I’d set myself a minimum of 1500 words/day while there – see here – enough pressure to keep me focused but not so much to make failure inevitable. I’m not sure of the exact final count because I often delete chunks of in-line notes along the way. But I definitely averaged above my 1500 word/day goal.

Now I am home again – for about a week. This time must include unloading and finding room for the belongings I always cart south by truck and small trailer on these trips; quarterly and 2014 tax paperwork, phone calls regarding all of the preparation needed to establish Mom and Dad in their new home: new doctors, Invisible Fence estimates, lawyers; buying paint for their “new” house, the usual personal catching up (laundry), and, if the weather will allow, some exterior painting on my own house.

So, my next short-term goal is: a minimum of 500 words/day on the manuscript (blog posts don’t count!) and putting together some reference lists that I feel I need to finally tackle. I’m at the point in my scribbles where placeholders for the names of minor characters, major articles of clothing, architectural terms, etc, are slowing me down. One can only have so many Whosywhatsits, So&Sos and thingamajigs in a manuscript before going nutso.

Time Management and the Disordered Life

Down the Rabbit Hole

Down the Rabbit Hole

Day job, family, (laundry, errands, bills, stray cats and trying to move aging parents to new home), news headlines, Facebook, Twitter, WordPress, real life relationships – everything conspires against our creative arts. This past week, with 20x more discretionary hours available than usual, I lost focus. I meandered down every possible rabbit hole. A lot of it was good – I’ve learned about marketing, how to use Twitter, found new resources and finished some research – but I didn’t add one word to my manuscript. I floundered.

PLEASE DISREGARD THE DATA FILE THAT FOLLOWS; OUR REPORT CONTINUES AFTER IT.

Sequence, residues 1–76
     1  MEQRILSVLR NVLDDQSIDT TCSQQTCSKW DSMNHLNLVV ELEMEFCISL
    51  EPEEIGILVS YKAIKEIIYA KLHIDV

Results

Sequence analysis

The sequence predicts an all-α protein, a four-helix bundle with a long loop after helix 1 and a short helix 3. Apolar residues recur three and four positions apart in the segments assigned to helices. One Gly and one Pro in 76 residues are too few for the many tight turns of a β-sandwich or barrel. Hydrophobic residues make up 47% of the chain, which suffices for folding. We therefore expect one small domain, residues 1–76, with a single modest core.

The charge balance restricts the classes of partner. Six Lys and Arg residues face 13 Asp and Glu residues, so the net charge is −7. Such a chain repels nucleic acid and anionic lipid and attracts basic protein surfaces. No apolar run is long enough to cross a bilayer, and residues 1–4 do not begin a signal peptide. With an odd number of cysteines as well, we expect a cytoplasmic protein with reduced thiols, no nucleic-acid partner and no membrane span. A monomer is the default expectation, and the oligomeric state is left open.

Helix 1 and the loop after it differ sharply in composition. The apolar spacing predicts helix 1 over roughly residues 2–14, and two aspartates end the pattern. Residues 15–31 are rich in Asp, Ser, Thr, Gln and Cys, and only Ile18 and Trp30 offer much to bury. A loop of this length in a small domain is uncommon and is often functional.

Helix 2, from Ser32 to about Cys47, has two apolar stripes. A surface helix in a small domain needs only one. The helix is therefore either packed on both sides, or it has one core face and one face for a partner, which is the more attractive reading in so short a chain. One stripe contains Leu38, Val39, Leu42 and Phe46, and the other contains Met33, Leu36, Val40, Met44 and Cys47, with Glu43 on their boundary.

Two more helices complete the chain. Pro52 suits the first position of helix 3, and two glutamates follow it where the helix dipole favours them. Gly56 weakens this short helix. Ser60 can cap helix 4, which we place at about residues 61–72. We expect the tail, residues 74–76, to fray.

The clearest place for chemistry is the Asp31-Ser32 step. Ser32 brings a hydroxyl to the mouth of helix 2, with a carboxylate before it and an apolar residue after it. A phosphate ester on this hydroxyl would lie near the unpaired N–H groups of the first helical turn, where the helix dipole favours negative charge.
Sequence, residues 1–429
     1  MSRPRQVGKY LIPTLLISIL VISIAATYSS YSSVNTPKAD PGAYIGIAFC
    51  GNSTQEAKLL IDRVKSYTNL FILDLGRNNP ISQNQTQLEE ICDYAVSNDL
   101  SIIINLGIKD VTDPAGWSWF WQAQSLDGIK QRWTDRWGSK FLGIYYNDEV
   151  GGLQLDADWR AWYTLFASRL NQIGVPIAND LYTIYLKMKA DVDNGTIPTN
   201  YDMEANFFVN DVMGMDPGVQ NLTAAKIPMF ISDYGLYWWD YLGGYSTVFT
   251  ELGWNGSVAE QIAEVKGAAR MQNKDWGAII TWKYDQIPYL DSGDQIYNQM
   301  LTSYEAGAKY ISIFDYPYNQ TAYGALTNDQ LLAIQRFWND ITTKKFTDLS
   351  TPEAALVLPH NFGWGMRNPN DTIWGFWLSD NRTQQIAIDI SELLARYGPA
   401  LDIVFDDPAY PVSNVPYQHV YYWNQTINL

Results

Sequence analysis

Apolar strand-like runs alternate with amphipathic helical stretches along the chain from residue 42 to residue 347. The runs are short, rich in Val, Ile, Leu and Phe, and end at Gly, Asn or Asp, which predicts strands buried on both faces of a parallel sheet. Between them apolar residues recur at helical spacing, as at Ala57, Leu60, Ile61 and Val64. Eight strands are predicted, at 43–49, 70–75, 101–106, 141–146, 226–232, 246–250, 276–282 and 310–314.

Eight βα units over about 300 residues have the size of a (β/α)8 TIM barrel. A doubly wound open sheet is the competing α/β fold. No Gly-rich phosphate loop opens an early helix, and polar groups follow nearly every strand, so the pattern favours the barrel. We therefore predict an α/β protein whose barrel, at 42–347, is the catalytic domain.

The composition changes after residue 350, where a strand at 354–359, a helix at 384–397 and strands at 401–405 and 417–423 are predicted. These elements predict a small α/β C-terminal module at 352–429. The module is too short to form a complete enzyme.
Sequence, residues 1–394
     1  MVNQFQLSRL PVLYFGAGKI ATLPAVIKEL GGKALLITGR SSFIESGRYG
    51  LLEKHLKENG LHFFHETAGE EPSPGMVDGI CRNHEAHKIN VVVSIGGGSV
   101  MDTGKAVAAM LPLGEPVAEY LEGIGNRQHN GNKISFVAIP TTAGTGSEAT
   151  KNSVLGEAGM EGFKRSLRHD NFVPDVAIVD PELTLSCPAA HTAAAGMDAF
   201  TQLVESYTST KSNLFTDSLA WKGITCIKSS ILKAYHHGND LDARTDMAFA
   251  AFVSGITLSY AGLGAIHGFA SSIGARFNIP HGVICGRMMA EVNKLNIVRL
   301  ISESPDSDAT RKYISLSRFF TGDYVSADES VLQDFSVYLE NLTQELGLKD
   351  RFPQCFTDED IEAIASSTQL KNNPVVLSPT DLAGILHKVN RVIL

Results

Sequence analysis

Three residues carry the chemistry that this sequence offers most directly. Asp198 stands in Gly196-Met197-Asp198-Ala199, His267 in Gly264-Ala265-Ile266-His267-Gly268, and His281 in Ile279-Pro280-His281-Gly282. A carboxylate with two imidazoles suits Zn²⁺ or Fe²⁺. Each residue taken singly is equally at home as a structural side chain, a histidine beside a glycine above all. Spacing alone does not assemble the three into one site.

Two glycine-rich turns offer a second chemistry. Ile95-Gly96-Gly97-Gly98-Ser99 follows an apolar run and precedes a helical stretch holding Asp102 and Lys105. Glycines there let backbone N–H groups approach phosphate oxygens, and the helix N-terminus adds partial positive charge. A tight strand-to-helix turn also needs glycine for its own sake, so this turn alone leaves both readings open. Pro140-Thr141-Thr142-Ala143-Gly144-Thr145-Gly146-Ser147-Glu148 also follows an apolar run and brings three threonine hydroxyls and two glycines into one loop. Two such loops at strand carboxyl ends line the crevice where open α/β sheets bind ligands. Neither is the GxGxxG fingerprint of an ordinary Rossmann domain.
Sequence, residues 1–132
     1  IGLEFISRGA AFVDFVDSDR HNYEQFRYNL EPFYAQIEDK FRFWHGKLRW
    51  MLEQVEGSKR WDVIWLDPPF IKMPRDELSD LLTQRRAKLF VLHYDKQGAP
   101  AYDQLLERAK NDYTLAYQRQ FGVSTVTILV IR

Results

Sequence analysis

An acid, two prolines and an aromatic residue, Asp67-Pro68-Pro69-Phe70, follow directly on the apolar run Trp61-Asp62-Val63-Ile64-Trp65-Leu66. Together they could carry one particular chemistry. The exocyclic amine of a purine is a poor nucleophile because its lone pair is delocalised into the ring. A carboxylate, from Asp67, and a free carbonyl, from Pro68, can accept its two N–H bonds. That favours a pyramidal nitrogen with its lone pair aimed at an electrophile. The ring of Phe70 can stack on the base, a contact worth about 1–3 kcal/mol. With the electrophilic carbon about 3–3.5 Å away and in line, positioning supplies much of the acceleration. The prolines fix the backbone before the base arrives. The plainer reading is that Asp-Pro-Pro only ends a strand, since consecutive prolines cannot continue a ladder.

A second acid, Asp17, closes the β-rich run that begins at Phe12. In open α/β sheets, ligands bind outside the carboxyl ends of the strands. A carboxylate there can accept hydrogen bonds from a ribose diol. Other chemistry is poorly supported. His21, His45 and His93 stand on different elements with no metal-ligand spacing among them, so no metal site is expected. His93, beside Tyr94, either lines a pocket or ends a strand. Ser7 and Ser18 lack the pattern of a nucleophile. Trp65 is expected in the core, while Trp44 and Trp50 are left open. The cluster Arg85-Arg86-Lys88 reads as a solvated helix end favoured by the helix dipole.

Today I’m packing to head north again and wishing I’d used this week at home more effectively.

My life goes from 95% externally structured (when on an adjusting gig) to negligible external structure (between gigs). I have been self-employed most of my life so I am adept at self-structure and motivation. But from time to time even I fizzle out.

So, in an effort at self-help, I’ve added a special page to this blog to track my challenges in focus and productivity. I’ll keep it separate from this main feed in order to not clutter it up. Since technically it won’t scroll like a blog, I will continually update the page text and see if that works. It will include periodic reviews of how I am doing, plus observations, tips and resources to combat this struggle. I can’t promise there will be no pity parties.

I’m calling it Creative Accountability. We’ll see if it works.

Collateral Damage

The Shepherd's Song

Ever wonder about those poor peasants who are always raped, pillaged or wholesale deported to foreign lands?

I do.

I love reading historical fiction about movers and shakers; kings and queens whose passions turn the wheels of history. But every time a village is burned and the women and children are dragged off by their hair I think, what about them?

They are the red shirts of history.

Maybe I identify with them. Since childhood, I have read about historical upheavals and wondered, how do the regular folks survive? How did people get on with their lives during the bombing of Britain? What became of the ethnic Koreans deported to the Kazakh SSR? How do you feed your family when Boko Haram is in the neighborhood?

It is hard enough to hold a steady course when my plans are derailed by a sudden car repair..